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A federal appeals court on Wednesday dismissed a lawsuit that challenged the legality of payments to President Donald Trump’s hotels by foreigners during his tenure in the White House.
A three-judge panel in the U.S. Circuit Court of Appeals for the Fourth Circuit ruled that Maryland and the District of Columbia do not have legal standing to claim that Trump violated the so-called emoluments clause of the U.S. Constitution.
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That clause bars government office holders from accepting gifts from foreign officials.
The appeals panel said Washington and Maryland’s interest in enforcing that clause “is so attenuated and abstract” that it raises the question of whether their lawsuit is an appropriate use of the courts.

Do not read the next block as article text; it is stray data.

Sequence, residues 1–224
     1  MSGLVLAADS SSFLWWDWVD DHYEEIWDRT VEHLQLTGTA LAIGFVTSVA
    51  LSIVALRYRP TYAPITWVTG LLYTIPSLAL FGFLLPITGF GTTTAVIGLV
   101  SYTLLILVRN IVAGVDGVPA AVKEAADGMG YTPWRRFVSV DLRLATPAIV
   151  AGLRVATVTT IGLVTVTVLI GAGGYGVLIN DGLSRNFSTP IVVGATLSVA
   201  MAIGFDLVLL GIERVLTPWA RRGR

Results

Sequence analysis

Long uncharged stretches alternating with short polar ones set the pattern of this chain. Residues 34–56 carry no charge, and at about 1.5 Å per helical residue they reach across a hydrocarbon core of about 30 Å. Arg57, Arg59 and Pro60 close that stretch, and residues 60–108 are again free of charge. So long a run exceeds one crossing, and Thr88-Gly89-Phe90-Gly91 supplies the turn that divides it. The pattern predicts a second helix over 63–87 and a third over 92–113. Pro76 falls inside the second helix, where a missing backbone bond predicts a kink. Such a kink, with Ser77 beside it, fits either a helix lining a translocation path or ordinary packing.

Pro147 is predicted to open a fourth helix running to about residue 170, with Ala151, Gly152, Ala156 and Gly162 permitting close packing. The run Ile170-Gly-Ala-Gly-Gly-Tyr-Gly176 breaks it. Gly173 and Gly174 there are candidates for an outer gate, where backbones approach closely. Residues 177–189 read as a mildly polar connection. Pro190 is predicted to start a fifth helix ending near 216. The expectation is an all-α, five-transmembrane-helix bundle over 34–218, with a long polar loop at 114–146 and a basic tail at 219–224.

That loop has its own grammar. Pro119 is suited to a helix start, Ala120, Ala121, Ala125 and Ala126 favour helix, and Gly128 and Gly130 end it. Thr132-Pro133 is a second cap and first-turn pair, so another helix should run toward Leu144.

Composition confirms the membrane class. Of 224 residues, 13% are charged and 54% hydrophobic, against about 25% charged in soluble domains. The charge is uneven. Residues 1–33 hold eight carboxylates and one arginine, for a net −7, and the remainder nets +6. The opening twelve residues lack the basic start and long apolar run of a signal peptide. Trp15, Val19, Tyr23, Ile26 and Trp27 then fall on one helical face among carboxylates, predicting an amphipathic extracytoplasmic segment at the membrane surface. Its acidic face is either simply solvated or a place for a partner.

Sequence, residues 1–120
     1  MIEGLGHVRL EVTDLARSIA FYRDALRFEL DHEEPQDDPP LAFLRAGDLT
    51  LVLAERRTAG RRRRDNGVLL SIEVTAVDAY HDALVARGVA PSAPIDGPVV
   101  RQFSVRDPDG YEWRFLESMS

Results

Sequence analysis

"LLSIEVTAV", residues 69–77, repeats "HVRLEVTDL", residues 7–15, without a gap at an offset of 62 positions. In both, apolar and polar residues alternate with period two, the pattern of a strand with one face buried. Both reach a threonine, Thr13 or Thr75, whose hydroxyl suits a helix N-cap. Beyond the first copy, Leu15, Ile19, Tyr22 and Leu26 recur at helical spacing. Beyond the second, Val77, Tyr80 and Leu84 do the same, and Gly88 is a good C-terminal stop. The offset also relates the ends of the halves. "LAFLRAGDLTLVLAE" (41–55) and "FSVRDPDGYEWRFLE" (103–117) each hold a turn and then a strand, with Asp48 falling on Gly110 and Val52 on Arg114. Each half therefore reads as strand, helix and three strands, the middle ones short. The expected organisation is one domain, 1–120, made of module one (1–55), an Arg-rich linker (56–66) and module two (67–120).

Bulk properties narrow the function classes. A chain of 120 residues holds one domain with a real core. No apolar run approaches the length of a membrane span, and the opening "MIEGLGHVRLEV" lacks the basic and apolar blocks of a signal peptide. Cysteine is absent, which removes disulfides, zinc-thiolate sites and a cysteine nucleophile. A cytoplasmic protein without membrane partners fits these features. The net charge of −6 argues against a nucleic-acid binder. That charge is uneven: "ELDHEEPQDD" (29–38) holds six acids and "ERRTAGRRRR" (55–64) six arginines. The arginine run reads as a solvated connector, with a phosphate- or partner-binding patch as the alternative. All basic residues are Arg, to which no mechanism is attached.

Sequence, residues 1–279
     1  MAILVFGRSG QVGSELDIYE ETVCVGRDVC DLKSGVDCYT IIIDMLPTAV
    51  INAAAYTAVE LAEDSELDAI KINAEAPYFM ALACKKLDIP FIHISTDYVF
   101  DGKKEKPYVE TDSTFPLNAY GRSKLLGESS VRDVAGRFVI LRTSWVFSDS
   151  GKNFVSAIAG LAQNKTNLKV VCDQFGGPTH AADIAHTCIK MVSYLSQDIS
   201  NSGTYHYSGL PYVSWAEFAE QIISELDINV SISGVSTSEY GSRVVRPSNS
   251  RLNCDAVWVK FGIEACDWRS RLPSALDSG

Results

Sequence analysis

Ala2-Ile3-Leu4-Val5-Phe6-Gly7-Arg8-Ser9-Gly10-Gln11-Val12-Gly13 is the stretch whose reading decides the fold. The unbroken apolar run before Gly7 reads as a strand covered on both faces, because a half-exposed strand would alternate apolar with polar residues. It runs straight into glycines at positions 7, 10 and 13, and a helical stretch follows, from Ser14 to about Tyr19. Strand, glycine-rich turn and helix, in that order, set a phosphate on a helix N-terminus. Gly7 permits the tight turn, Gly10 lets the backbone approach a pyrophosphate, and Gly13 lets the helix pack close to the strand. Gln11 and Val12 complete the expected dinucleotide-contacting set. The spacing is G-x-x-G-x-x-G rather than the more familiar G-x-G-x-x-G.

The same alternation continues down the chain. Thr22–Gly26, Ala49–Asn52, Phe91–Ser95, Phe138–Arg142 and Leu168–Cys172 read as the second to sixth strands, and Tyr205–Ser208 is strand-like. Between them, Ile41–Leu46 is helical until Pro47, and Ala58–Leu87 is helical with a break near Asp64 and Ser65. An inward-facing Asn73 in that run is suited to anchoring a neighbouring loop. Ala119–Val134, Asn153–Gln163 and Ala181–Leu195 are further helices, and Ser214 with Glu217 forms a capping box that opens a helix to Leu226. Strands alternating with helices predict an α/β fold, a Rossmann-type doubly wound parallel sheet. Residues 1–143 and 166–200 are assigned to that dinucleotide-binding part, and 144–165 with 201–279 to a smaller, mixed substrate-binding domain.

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The panel noted that never before had a president been sued for allegedly violating the emoluments clause, contained in Article I of the Constitution.
The panel ordered a federal district court judge in Maryland to dismiss the suit against Trump with prejudice, which would bar them from relaunching the action.
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Trump still faces a similar lawsuit in Washington federal court filed by Democratic members of Congress.
On Monday, the Justice Department urged the D.C. Circuit Court of Appeals to dismiss that other suit.
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Trump’s lawyer, Jay Sekulow, called the ruling “a complete victory.”
CNBC has reached out for comment from the lawyers for Maryland and Washington. The plaintiffs...
(Excerpt) Read more at: CNBC
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